Stephen Harper is a climate hypocrite, and everybody knows it. As Barack Obama launched his bold new climate move this week, Mr. Harper lamely muttered that Canada is already way ahead. This, as everybody knows, is nonsense. Canada has no credible plan to meet the target for greenhouse-gas reductions it agreed to five years ago in Copenhagen. We don't have any plan at all. All we have is the PM's vague assurance that more regulations will be forthcoming, although you shouldn't hold your breath.
I believe that Mr. Harper knows exactly what he's doing. Contrary to widespread speculation, Mr. Obama's move will not turn up the heat on the PM to get more energetic about climate change. As for hypocrisy – well, he's got a lot of company.
Mr. Obama's climate announcement is a big deal. It would steeply cut emissions from coal-fired power plants – the most polluting form of power – and put the U.S. on track to meet its own 2020 Copenhagen commitment.
But there are a few flies in the ointment. Nothing will actually happen for quite a while. There will be a lengthy comment period, then another lengthy period before actual deadlines are set. Each state (some of which are bitterly opposed) will have the latitude to figure out for itself how to implement the cuts. Widespread litigation is a certainty. And the next president could simply cancel the whole deal.
The other problem is that no matter how much he's done about climate change – and it's quite a lot – it will not make a difference. Without a revolutionary breakthrough in technology, global warming cannot be stopped or slowed by any measures short of those that would cause global economic devastation. Some people, such as the liberal journalist Brad Plumer, understand this. Even if these sweeping new rules take effect, he writes on Vox, the reductions will "amount to a roughly 6 per cent cut in overall U.S. greenhouse gases." And the U.S. produces just 17 per cent of worldwide carbon emissions. The total impact will be like chipping an ice cube from an iceberg.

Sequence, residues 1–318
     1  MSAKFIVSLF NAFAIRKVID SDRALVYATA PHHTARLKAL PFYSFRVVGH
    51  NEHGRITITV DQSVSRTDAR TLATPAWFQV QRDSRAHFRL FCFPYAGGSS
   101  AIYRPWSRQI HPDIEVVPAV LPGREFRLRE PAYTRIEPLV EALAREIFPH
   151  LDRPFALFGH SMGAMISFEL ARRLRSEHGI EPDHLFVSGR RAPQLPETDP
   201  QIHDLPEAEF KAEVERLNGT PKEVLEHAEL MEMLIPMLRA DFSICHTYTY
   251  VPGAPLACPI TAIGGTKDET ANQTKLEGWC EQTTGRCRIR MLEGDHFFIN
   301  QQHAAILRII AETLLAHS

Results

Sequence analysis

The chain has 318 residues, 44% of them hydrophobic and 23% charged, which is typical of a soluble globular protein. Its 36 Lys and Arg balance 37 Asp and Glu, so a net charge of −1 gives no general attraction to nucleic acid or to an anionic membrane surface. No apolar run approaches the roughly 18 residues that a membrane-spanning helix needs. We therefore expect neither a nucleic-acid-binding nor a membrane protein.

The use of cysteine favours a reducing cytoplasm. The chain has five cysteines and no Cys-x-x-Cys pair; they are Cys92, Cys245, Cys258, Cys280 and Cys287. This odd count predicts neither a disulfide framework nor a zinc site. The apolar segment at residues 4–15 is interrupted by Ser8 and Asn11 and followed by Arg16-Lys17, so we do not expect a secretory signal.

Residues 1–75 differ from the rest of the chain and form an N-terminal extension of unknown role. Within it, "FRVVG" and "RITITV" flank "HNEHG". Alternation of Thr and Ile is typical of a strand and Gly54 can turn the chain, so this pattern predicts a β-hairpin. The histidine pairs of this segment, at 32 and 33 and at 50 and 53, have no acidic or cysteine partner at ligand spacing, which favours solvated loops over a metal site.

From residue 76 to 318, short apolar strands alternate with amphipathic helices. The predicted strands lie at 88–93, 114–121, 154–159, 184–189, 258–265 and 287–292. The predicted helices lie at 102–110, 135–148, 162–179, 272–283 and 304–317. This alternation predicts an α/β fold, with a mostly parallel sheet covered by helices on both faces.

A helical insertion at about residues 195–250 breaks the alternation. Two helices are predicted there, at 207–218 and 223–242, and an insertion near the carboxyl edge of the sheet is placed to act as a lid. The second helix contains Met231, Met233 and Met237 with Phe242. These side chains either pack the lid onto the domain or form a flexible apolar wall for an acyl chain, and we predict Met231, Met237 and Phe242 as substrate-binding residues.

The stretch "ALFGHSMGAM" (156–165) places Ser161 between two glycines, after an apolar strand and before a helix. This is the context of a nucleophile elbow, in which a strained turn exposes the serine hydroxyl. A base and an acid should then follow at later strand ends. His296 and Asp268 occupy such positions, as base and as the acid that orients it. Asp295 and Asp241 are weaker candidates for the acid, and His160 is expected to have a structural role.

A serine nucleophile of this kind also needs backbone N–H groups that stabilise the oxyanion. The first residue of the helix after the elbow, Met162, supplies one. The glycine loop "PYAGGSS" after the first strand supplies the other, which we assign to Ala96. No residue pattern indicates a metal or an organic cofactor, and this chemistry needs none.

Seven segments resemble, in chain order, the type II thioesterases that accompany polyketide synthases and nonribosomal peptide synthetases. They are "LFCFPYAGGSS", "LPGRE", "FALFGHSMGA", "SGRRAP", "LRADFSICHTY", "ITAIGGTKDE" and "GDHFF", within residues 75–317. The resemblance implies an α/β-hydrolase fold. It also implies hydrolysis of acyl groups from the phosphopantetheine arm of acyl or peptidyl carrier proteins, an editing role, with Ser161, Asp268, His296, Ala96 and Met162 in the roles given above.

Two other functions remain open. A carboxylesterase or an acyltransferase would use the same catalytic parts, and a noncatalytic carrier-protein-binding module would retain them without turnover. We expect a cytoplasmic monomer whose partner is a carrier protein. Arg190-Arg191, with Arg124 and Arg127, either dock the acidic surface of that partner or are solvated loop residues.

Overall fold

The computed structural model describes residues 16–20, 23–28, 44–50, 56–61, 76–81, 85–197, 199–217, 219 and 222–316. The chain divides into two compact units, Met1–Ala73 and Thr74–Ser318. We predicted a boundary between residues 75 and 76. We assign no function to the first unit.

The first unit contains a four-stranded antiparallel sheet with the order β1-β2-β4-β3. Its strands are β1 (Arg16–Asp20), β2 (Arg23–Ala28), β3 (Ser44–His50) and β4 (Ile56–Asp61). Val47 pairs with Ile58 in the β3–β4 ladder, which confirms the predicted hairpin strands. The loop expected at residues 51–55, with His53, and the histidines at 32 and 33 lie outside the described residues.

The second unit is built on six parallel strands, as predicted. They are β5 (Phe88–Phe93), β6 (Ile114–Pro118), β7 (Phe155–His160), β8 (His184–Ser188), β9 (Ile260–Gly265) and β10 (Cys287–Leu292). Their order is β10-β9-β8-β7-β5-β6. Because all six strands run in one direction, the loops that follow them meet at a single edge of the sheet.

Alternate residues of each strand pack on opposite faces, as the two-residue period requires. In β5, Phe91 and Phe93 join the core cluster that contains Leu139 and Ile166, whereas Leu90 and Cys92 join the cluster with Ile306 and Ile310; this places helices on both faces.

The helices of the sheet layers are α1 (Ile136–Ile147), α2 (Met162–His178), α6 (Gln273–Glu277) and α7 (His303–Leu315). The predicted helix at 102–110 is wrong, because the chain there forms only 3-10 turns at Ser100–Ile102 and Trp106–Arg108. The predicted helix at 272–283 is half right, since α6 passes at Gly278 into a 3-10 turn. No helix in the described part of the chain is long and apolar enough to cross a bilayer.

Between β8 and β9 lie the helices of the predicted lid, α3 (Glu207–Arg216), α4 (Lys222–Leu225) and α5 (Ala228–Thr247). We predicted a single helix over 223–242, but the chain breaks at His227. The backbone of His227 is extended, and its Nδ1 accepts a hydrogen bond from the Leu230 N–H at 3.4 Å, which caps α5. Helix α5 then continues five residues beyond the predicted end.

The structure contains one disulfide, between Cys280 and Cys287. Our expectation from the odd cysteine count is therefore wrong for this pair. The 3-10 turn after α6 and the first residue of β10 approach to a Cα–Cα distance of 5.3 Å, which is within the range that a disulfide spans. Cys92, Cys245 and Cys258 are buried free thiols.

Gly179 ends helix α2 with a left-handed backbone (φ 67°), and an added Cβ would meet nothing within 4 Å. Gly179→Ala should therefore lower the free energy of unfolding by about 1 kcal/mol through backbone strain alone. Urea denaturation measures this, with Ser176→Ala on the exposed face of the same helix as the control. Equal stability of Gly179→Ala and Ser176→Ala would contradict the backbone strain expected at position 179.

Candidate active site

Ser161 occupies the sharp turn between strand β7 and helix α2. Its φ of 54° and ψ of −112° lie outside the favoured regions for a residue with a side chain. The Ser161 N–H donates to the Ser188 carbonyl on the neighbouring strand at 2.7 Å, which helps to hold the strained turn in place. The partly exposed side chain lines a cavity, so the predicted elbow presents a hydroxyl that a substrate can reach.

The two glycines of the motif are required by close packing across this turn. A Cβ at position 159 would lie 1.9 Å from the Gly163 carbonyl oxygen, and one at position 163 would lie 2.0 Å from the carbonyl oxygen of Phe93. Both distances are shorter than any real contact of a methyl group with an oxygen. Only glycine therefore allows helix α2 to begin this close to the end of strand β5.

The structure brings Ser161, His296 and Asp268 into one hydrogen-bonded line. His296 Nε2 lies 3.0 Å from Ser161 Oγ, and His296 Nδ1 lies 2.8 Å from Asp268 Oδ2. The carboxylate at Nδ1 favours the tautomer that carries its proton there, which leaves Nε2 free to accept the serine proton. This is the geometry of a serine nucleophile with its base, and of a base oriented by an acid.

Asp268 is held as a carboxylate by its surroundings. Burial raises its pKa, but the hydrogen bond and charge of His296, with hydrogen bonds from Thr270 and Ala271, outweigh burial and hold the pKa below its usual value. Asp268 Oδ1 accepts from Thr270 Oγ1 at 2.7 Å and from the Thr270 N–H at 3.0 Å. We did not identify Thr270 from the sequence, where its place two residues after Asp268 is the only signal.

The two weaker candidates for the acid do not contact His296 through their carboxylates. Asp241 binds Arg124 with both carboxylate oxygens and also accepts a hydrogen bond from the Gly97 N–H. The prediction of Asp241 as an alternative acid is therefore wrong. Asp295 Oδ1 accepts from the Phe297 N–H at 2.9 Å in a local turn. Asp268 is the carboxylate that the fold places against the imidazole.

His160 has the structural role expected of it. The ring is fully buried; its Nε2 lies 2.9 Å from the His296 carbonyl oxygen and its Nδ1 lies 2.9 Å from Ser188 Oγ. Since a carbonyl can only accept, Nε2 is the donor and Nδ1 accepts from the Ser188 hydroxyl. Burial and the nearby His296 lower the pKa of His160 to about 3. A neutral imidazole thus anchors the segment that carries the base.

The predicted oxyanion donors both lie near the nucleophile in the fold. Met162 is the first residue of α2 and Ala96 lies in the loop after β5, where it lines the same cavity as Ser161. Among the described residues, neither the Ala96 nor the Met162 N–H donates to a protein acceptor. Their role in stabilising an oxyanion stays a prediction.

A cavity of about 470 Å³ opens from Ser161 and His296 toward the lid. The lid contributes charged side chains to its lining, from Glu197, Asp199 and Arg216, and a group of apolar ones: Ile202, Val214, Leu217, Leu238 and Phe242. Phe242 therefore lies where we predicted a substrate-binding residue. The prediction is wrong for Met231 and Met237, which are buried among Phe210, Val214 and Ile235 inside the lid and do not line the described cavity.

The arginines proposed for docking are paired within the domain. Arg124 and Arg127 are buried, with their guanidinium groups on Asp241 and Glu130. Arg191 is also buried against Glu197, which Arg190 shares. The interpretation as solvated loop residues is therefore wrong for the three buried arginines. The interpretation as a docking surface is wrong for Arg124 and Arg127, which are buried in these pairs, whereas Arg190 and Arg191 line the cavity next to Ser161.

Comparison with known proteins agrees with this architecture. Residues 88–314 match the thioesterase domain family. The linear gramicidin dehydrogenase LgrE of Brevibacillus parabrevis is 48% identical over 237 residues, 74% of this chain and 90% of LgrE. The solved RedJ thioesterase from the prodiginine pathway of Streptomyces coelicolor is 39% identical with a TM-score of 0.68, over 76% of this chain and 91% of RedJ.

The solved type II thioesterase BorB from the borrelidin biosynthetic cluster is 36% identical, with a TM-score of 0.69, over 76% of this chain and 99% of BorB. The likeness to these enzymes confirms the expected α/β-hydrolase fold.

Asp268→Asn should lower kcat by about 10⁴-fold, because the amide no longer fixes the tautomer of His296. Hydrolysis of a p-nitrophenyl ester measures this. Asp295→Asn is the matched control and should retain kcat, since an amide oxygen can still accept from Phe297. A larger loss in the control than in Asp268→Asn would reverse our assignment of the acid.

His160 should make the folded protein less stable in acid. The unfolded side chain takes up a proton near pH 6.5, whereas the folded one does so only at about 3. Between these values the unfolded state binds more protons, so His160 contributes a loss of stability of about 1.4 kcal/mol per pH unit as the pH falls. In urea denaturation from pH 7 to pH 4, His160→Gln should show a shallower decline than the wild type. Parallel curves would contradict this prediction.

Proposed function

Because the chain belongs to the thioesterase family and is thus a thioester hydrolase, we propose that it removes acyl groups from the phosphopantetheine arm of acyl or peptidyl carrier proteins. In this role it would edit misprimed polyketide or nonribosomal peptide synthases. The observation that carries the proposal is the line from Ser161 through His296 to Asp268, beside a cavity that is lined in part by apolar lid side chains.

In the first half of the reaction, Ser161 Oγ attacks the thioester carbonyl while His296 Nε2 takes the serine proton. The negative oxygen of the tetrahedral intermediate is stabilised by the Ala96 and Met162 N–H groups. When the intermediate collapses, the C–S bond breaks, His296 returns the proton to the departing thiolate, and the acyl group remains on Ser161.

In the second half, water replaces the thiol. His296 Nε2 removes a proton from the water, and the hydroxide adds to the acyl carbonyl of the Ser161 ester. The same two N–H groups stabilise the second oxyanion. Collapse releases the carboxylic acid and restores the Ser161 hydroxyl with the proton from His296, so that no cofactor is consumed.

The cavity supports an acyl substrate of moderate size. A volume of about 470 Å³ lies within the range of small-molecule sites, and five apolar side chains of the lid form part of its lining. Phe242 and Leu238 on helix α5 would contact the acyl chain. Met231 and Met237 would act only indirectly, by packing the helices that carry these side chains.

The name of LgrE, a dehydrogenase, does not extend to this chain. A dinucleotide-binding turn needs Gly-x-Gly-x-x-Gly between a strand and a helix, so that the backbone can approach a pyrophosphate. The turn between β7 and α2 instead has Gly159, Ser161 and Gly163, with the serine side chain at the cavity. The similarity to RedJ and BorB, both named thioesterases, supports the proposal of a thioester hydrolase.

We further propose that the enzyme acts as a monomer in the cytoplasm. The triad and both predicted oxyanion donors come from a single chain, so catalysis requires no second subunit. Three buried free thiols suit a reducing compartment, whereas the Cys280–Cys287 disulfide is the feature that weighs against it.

Much is being made of the new leverage this plan will give the U.S. to exercise its moral influence on other big emitters, such as China. All I can say is that if you buy that, I've got a solar-panel-heated bridge to sell you.
Meanwhile, back in Canada, everybody's pummelling away at Mr. Harper for being an environmental scofflaw. "If we do not demonstrate to the world that we as a country are serious about the environment, we will find it harder and harder to export our resources to global markets," Justin Trudeau said in a statement the other day.
So what would he do? Er, not much. The chance that any leader will deliver on our Copenhagen commitment is vanishingly small. That's because, as Luisa Ch. Savage and Andrew Leach explain in Maclean's, it would be way too expensive. The U.S. depends heavily on coal, which is already in steep decline as it's replaced by cleaner natural gas. But Canada depends heavily on oil and gas, which is growing. "Canada would need to impose a higher cost on carbon emissions in order to incentivize the necessary spending by industry or behaviour changes by consumers," they write.
How high might the cost be? They cite analyses saying we would need to impose a national carbon tax of around $100 a tonne – which is around five times more than what has been tried in most of the world. And no one (with the possible exception of Elizabeth May) is contemplating that. For one thing, the impact on the economy and ordinary Canadians would be excruciating. For another, Alberta would secede. For a third, no politician could possibly get elected on such a platform, and none could possibly survive it.
So why did we agree to such an unrealistic target in the first place? I do not know. But it's not the first time. Our Kyoto target was goofy, too. The problem isn't that we keep failing to meet our targets. The problem is that we make promises that are impossible to keep, no matter who's in charge.
Whatever Mr. Harper's beliefs may be about global warming, he knows that carbon taxes can be fatal. They certainly didn't do much for Stéphane Dion's career (as even Liberals can attest). They are causing countless problems for governments in Europe. In Australia, they led to the defeat of the last government.
So, what would Justin do differently? Nothing much. He'd make a few symbolic gestures and pay lip service to targets we will never meet. Nobody is going to sacrifice the oil sands on the altar of environmentalism – especially when, in the larger scheme of things, that sacrifice would be for nothing.